Elliot Thorpe on Horror Writing
Research for a novel begins all around us. It can be experiences, feelings and desires. It’s when you start drilling down to the ‘nuts and bolts’ of a story that the research needs to and must take on a new direction.
In many ways, writing is like painting (I hope I’m good at one, but I know my drawing skills leave a lot to be desired!): there’s a canvas that needs filling in, layer upon layer until the finished piece is there is front of you, waiting to be critiqued, criticised and, one dreams, praised.
It’s set in a barbaric, brutal age, in Wallachia 1476AD – the medieval equivalent of today’s Romania. Because of that, it needed careful preparation.
I had the canvas (the place and the time) but needed to make sure that there was a story to tell. It’s no good having a great backdrop if there’s nothing to keep you looking at it.
But the very act of choosing that era meant there had to be a story in there somewhere, surely? Not necessarily.
For far too many years I care to remember, I’ve loved the vampire genre, the Dracula story, the Hammer horrors and all things that go bump in the night. I also fancy myself as a bit of an historian, nothing too extreme, just a bit of armchair research with maybe the occasional field visit if I’m feeling adventurous. And, importantly, I have always held the desire to write, ever since I knew which end of a pencil to use.
So these three aspects of me seemed to want to blend together somehow.
“I must write a gruesome, medieval vampire novel!” I therefore exclaimed once to anyone who was listening.
So I got a commission to script an audio episode of ‘Doctor Who’.
Then I wrote lots of short stories, in different styles, in markedly different genres. And then I started writing articles for various websites: reviews and features and the like.
It honed my writing skills. It allowed me to find a style that I enjoyed and that I hoped others did too. I learnt about pacing, character development, emotional journeys, the ruthlessness of editing.
And all the time I was doing all of that, I made copious notes, did research, read books all about medieval Europe, finding the darkest times and places where vampires would easily feature. I looked at the lives of warlords, despots and kept coming back to the one figure that stood out, the one man who was destined by the media of centuries to come to be reborn as a vampire count: Vlad the Impaler.
So I had my time, my place and my main character. But still no story.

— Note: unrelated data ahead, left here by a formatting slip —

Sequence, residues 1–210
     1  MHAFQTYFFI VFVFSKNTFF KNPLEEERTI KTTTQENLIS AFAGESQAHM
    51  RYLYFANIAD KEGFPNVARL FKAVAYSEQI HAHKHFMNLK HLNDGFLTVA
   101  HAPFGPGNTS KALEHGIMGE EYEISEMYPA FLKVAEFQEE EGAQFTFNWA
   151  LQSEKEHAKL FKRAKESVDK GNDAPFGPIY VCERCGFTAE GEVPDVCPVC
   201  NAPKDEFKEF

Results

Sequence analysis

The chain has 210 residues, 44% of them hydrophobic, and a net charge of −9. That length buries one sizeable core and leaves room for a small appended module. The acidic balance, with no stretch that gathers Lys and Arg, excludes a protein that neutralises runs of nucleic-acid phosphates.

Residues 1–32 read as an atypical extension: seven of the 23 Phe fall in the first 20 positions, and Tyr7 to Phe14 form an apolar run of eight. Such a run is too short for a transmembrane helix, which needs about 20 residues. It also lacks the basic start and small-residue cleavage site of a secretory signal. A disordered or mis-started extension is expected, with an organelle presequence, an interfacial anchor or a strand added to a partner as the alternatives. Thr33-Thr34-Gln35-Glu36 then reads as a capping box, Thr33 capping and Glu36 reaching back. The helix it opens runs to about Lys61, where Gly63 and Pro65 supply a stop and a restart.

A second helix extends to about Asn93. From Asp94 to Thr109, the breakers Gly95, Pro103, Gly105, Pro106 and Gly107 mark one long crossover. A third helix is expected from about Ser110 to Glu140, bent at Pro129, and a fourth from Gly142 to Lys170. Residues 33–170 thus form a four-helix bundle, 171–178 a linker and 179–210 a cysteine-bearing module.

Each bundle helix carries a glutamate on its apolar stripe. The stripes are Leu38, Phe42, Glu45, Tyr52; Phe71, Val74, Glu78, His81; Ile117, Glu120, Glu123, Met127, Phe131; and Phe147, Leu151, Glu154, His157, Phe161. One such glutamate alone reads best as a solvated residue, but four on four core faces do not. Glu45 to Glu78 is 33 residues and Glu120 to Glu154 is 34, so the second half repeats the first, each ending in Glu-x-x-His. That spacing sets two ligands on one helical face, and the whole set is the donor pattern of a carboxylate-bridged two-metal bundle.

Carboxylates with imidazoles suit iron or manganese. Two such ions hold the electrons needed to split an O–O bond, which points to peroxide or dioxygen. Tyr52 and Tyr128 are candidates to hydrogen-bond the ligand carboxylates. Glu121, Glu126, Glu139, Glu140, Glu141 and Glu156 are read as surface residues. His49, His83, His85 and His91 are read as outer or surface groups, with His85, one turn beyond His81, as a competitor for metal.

The danger, you see, remained: it’s no good having a great character if there’s nothing to keep you interested.
So I began the arduous task of hammering out the plot, the all-important crux that the story hangs on.
And slowly and surely, I developed this fictional world set in a real historical time. Other characters emerged, situations arose and then, quite suddenly, the story revealed itself.
Interestingly, I had intended Vlad to be the antagonist, but he regenerated into a protagonist and not even the main character of the book. That was quite an interesting revelation. It meant I was not shackled by maintaining a true air of historical accuracy and I could create my own heroes and heroines and villains. If one of history’s most barbaric figures wasn’t the bad guy of the book, then how bad must the book’s bad guys really be!
Yet with all the vampires, werewolves and medieval warlords, armies and princesses crowding the pages, what was I trying to say? What was the story?
A good friend of mine who is far better at story-telling than I could ever be said to me a long time ago, “Elliot, write down in one sentence what your book’s about.”
So I thought long and hard. And it came to me.
Yes, it’s a horror novel with buckets of blood, impalings and vampire slaying but it’s about one man’s quest to clear his family’s name, to restore honour and make sense of the world he lives in. It’s a simple basis, but the canvas that I spoke about earlier became so enriched as a result, that I was determined to make sure I did the characters – all of them, major and minor – justice. And from that understanding, the other characters also had their reasons, their meanings of existence.
It’s easy to populate a fictional world. It’s easy to make that populous clichéd and two-dimensional. It’s harder, but certainly not impossible, to make them believable and fully-rounded.
And that’s one of the reasons I decided to cut my teeth on other projects before embarking on my magnum opus. To begin to understand how to write and to write effectively and believably.
At least that’s what I thought ‘Cold Runs the Blood’ was going to be: my magnum opus. But I’ve lots more stories to tell, lots more experiences to have and emotions and thoughts to put down on paper. And I’m still learning, still getting to grips with writing, still aiming high. I don’t think my magnum opus has surfaced yet.
And I’ll never stop writing. I can’t. It’s part of me.
And I’m looking at new projects, new opportunities. Writing a biography about Dean Martin is one. Returning to the worlds of ‘Doctor Who’ is another.
A sci-fi hero of mine once said that there are always possibilities. And I whole-heartedly believe him.
About Elliot Thorpe
Elliot Thorpe is a freelance writer, having previously worked with the sites Den of Geek, Shadowlocked and Doctor Who TV as well as forEncore, the magazine for the theatre professional, and The Dean Martin Association (www.deanmartinassociat.wix.com/officialdmasite), Dino’s first official fan club. He was commissioned by Big Finish Productions to script Doctor Who – Cryptobiosis, starring Colin Baker and works with the London West End stage production The Definitive Rat Pack (www.thedefinitiveratpack.com). Elliot’s first novel ‘Cold Runs the Blood’ was released in 2013 and is available in paperback and as an ebook. He is currently working on a second novel as well as a biography of Dean Martin and is always looking for other writing opportunities.